Pictures at an exhibition on the next Holocaust

This second Holocaust, with many more victims than the first, would be over in few days.

Holocaust tattoos 370 (photo credit: reuters)
Holocaust tattoos 370
(photo credit: reuters)
When he was the deputy secretary of state and I was the director of the United States Holocaust Memorial Museum, I escorted Strobe Talbott through the museum. We paused at a letter that John J. McCloy wrote on August 14, 1944, to the head of the Rescue Department of the World Jewish Congress. In that letter, McCloy responded to a request that “certain installations and railroad centers” at Auschwitz be bombed. The installations included the gas chambers in which as many as 10,000 Jews were being killed every day.
The railroad centers were the tracks that were bringing Jews to the gas chambers.
McCloy rejected the request. He said that “such an operation could be executed only by the diversion of considerable air support essential to the success of our forces now engaged in decisive operations elsewhere and would not warrant the use of our resources. There has been considerable opinion to the effect that such an effort, even if practicable, might provoke even more vindictive actions by the Germans.”
McCloy’s letter was mounted next to photos of Auschwitz taken from American planes flying over the death camp to bomb military targets a few miles away; some 2,800 flew over or near the camp.
The systematic murder of the Jews at Auschwitz was already known by the US government. Asked what they would have felt had American bombers bombed the gas chambers or railroad lines, Auschwitz survivors said that they would have been overjoyed, even if the bombs had missed their targets, or even if the Germans would have repaired the tracks. At least, they said, they would have known that the Allies had tried to do something to stop, or at least interrupt, the German killing machine; at least they would have felt that they hadn’t been forgotten, or that the world cared.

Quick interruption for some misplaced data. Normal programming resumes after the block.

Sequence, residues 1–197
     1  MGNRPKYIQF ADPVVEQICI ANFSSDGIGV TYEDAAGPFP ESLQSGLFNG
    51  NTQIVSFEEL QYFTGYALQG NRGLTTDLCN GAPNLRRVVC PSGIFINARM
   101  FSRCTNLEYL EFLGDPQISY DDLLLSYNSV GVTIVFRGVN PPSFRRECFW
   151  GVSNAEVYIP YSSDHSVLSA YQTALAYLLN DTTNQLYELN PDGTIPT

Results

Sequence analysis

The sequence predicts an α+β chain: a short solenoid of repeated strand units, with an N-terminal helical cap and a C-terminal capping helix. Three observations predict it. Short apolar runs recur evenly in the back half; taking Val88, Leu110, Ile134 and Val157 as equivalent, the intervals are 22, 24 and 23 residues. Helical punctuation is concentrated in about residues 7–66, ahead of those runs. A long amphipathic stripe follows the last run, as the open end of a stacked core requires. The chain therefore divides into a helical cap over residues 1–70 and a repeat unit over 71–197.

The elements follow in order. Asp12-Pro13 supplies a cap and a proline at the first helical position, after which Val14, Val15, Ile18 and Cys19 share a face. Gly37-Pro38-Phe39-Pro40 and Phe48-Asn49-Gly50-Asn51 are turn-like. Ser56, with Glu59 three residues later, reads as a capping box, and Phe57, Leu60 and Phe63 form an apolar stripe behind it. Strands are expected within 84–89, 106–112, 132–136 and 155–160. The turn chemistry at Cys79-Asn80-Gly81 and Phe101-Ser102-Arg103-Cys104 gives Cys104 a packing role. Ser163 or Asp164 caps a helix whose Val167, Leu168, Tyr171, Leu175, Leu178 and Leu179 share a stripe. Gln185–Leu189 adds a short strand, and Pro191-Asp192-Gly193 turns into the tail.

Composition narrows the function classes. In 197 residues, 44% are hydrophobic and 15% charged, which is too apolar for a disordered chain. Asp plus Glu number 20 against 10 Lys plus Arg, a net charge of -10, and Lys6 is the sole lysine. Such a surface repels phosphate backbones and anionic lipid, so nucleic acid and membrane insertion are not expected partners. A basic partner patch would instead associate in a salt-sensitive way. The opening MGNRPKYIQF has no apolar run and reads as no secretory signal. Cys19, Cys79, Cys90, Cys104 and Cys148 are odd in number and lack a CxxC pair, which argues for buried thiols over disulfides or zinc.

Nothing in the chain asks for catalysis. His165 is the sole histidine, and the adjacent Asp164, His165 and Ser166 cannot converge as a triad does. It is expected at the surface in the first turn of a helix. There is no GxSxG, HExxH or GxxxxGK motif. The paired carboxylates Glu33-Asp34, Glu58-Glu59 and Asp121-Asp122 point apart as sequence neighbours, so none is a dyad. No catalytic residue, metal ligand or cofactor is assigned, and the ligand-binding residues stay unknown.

As one of them said of Allied bombs they heard exploding nearby: “We were no longer afraid of death; at any rate not of that death. Every bomb that exploded filled us with joy and gave us new confidence in life.”
I doubt McCloy expected his letter would end up as a picture in an exhibit on the destruction of Europe’s Jews.
As we paused at McCloy’s letter, I turned to Talbott, who was, no doubt, signing routine diplomatic letters every day. “Remember, Strobe,” I said, “any letter you write may end up on a museum wall.” Talbott nodded. I imagined I heard a gulp, though that was probably wishful thinking.
And now I can’t get out of my mind the image of future museums devoted to the deaths of many times more millions of people than the number killed in World War II’s Holocaust – Jews, Arabs and Iranians – in the war that could well follow the agreement just signed between world powers and an Iran racing to build atomic weapons but pressed to negotiate by crippling economic sanctions.
As a result of the interim agreement – struck by an exultant Iran and the members of the UN Security Council and Germany – Iran will obtain sanctions relief that will be impossible to reverse. And it will keep the massive nuclear infrastructure it has built during the past five years.
The interim agreement is for six months, after which many more such interim agreements are likely to be demanded by the Iranian government even as it continues to enrich uranium. In the end, what the world’s diplomats gained from this first agreement was, at most, a few weeks more that Iran would need for a dash to place nuclear weapons atop its waiting missiles.